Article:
Inflation is already on the shelves of supermarkets


published on Friday, April 29, 2022 at 5:13 p.m.

“Ah, a kilo of couscous first price is 1.29 euros! A year ago, it was 0.96”: on the shelves of supermarkets in France, volunteers from the consumer association Familles Rurales methodically raise product prices and inflation of many are sensitive.

In one year there is a 34% increase in this store for the first price of semolina or 12% for the pasta of the supermarket brand … “On the other hand, the rice has not moved”, notes Catherine Cahuzac.

This energetic retiree, an energy engineer, scans the shelves of a giant supermarket in Val-de-Marne, Paris, without a trolley or shopping bag. “I come to this mall from time to time for clothes, but for food, it’s too big for me,” he explained on Thursday.

For the second time this week, she is going to spend several hours in the store, with her phone in hand – “you have to remember to recharge it before you come …” – and just one concern: to find the right reference price in an app developed by Rural Families.

Like a hundred volunteer “guards” of the club, she lists once a quarter the prices charged by the supermarkets near her house.

Objective, for the club: to calculate the budget that a typical family (two adults, a teenager and a child) should devote to their food, in order to be fed according to the national healthy eating plan. That is, eating healthy, respecting seasonality, the environment and health.

At its last price observatory in January, the union had estimated that the average food budget needed to feed this typical family was at least € 450 a month, with fewer products changing, € 696 with first-time consumption, € 765 with national brand. products (such as Panzani, Danone for example) and could climb up to 1,148 euros for all organic.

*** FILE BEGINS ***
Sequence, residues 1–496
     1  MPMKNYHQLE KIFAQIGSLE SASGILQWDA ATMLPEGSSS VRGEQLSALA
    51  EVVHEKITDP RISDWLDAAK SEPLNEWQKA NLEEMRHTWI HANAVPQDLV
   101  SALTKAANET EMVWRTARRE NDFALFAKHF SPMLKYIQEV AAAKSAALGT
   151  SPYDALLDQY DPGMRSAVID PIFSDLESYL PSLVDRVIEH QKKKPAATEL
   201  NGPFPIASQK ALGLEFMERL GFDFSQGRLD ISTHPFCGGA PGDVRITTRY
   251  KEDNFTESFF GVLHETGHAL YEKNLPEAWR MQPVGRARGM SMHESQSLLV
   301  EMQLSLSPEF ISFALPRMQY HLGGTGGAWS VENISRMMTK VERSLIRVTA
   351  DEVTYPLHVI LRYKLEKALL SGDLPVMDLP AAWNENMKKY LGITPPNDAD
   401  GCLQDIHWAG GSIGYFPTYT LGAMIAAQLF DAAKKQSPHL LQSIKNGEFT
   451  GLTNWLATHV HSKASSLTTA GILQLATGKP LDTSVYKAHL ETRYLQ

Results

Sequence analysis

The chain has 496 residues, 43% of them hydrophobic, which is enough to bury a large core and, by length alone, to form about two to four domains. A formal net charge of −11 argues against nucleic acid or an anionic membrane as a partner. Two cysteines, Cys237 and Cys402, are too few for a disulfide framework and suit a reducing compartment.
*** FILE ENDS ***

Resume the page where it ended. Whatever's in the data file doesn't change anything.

The exercise is a bit tedious for Antonis’s volunteer. But it does provide valuable information on shelf inflation.

The current inventory shows a sharp increase in wheat-based products, especially in raw prices and private labels, areas where agricultural raw material weighs most of the total cost of production.

– New increases in vision –

“We are seeing expected inflation,” Nadia Ziane, director of consumption at Familles Rurales, told AFP. “Purchasing power today is very much changed for families, especially since all the necessities have increased, not only wheat, but also energy or fuel.”

Amid a recovery in consumption after the lockdown, rising logistics costs, raw materials, the Russian invasion of Ukraine, the whole world has been experiencing a general rise in prices for months. France is no exception, despite the numerous measures taken by the government to reduce the phenomenon.

Familles Rurales invites consumers to buy fewer flabby products, such as pasta, and more products that are “equally interesting nutritionally” but less expensive, such as lentils.

But there are no alternatives to fruits and vegetables, and their importance “makes them proportionally the most expensive food budget,” notes Nadia Ziane. At the beginning of the year, the Familles Rurales had sounded the alarm bell for their price spike, almost 10% in two years, and could continue.

The union calls for food control promised by Emanuel Macron during his campaign to be linked to “products valued in the national health plan”.

The move is to be expected anyway, as food inflation is expected to worsen further: the annual negotiations between the agri-food sector and large retailers have not been enough to pass on production costs and various actors are again discussing price increases. could be seen on the shelves at the beginning of the school year.



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